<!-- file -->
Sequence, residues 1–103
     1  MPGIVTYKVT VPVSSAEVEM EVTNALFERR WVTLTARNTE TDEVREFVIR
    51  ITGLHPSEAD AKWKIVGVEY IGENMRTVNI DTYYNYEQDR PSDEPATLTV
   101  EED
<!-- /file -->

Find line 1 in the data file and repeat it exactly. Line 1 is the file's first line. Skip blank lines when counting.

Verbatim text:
Sequence, residues 1–103